Review: ‘Sans Merci’ another Knockout from Local Black Ice Theatre Company
There is theater, there is poetry and then there is “Sans Merci.”
There is sequence about one hour into the play Sans Merci — playing at the Duke Theater at Lake Tahoe Community College — that breathlessly and perfectly encapsulates the beauty of live theater, and it does so in shear silence.
It is easy for a play to make you cry with dramatic dialogue. I have never had a play break me down to my core without a single word uttered on stage for several minutes as happens in “Sans Merci.”
There is something very special happening in Tahoe in the world of arts and theater. Black Ice Theatre Co. is leading the way in the realm of performing arts with yet another incandescent offering of compelling modern drama.
The latest from Black Ice Producing Artistic Director Richard S. Sargent, “Sans Merci,” kicks off the second season for the burgeoning local theater company featuring daring and controversial plays with unbelievably gifted performers.
“Sans Merci” is a story from Johnna Adams about the consequences of what happens when pure optimistic idealism is brutally pushed off a cliff into the reality of a cruel world.
Kelly, played by Briana Biller, is a broken woman in every way. Haunted by a singular event in her past where she followed her idealism and simple desire to help in a world without mercy, Kelly is confronted one evening in her Los Angeles apartment by Elizabeth, played by Andrea Rogers.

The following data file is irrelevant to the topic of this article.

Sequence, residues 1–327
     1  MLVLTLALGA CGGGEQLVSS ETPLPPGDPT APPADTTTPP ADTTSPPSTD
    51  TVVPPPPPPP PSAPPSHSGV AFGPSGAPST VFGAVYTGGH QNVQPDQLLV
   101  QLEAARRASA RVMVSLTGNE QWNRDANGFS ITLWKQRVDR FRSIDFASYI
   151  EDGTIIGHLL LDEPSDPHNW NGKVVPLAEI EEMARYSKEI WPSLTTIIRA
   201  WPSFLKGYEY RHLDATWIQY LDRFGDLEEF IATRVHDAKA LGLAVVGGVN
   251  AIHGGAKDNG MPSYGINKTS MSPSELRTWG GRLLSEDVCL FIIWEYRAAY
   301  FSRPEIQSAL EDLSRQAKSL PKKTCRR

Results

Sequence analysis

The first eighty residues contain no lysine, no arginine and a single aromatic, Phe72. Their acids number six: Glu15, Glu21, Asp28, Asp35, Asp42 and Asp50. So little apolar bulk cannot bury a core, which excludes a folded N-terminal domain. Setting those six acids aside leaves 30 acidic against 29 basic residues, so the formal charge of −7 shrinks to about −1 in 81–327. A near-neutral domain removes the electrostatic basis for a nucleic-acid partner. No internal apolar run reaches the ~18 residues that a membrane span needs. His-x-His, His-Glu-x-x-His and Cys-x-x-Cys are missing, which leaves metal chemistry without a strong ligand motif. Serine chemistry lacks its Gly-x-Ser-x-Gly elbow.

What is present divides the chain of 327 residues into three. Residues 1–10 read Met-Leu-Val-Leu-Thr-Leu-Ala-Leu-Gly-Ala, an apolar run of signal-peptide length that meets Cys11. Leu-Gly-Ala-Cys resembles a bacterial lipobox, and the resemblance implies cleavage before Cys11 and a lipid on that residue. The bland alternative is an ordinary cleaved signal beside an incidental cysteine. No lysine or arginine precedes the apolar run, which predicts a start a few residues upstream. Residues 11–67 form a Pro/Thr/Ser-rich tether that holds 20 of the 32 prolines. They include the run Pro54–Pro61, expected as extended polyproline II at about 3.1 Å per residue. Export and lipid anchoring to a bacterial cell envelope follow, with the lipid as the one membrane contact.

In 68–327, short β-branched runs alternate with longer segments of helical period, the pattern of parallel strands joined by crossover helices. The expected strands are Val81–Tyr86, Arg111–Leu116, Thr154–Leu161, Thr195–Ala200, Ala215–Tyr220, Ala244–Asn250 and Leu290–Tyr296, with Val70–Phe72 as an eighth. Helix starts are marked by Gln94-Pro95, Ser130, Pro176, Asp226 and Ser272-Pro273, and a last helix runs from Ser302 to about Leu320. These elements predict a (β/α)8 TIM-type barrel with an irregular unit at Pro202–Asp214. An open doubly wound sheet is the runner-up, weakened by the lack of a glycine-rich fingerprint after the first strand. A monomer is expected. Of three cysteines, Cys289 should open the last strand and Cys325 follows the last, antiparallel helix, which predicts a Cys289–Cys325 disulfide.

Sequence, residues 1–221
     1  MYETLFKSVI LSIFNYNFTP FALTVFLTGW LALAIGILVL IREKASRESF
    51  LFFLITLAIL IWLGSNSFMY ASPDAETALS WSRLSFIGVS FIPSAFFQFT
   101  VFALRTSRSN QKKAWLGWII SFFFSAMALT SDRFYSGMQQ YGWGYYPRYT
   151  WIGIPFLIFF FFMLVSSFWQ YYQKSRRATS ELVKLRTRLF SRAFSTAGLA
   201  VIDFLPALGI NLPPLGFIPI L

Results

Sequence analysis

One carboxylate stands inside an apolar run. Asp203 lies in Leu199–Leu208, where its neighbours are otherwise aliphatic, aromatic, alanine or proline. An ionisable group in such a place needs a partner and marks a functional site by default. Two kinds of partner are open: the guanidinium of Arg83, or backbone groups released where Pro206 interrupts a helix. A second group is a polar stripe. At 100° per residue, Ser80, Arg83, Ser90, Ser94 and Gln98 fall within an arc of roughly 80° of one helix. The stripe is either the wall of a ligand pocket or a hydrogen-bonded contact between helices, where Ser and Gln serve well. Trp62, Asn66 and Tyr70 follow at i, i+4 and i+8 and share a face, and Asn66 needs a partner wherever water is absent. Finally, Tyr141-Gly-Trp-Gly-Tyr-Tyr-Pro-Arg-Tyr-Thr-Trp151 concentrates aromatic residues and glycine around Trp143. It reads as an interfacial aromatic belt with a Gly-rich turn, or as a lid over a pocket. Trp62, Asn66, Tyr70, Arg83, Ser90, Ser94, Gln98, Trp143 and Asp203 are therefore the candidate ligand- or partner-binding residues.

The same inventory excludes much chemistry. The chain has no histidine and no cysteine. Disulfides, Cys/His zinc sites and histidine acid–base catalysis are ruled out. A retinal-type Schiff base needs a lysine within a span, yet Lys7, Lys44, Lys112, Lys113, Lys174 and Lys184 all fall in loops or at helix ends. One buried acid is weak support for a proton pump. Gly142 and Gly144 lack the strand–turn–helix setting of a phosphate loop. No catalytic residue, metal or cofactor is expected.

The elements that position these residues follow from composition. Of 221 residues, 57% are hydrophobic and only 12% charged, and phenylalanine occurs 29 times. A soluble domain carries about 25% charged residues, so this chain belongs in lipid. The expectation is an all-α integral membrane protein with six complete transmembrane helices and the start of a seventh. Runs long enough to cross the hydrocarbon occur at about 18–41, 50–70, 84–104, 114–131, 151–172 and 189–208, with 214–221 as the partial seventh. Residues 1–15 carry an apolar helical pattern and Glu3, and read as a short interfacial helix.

It is clear from the first moment they encounter one another that, though these women do not know each other, they share a bond rooted in pure love and grief. Through flashback vignettes, we are shown the story of Kelly and her relationship with Elizabeth’s daughter Tracy, played by Kalayna Miller. A bond of friendship and emotional support between Kelly and Tracy quickly blossoms into love.
Tracy is a woman of intellect and passion, but limited self-confidence, who is discovered by Kelly in the most vulnerable of moments.
Kelly introduces Tracy to the world of activism through her upcoming mission to organize a pacifistic indigenous tribe in Central America. The tribe is non-violently resisting the construction of an oil pipeline on their sacred land, with the somewhat dubious assistance from armed rebel militias. Though Tracy can sense the mission is dangerous, Kelly is determined to go.
Later, Kelly is forced to face her grief in a cathartic showdown with Elizabeth, a conservative woman. She simply wants to know why her daughter Tracy went on this mission with Kelly, what the nature of their relationship was, and why Tracy is dead.
This is a play that everyone with a daughter must see. This is a play that everyone who is passionate about a cause greater than themselves must see.
The performance of Biller is stellar as we have come to expect from her as a seasoned veteran of the Tahoe stage. Rogers and Miller, as comparative newcomers, are an absolute revelation. You can sense the courage it took for these women to even stand on a stage and tell this story in the first place.
If artistic expression has a place in Tahoe, plays like “Sans Merci” will drive it forward. Emotional, beautiful, equal parts funny and gripping, “Sans Merci” is the reason why we go to the theater. It is art in its purest expression.
You will leave with more than tears. You will leave changed.
Sans Merci is playing at the Duke Theater at LTCC until Sept. 1. Tickets are available at the door and here.
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SOUTH LAKE TAHOE, Calif. — When I walked in to interview local Tahoe artist Kelly Smith Cassidy, it was evident that her art can take up many spaces around the house.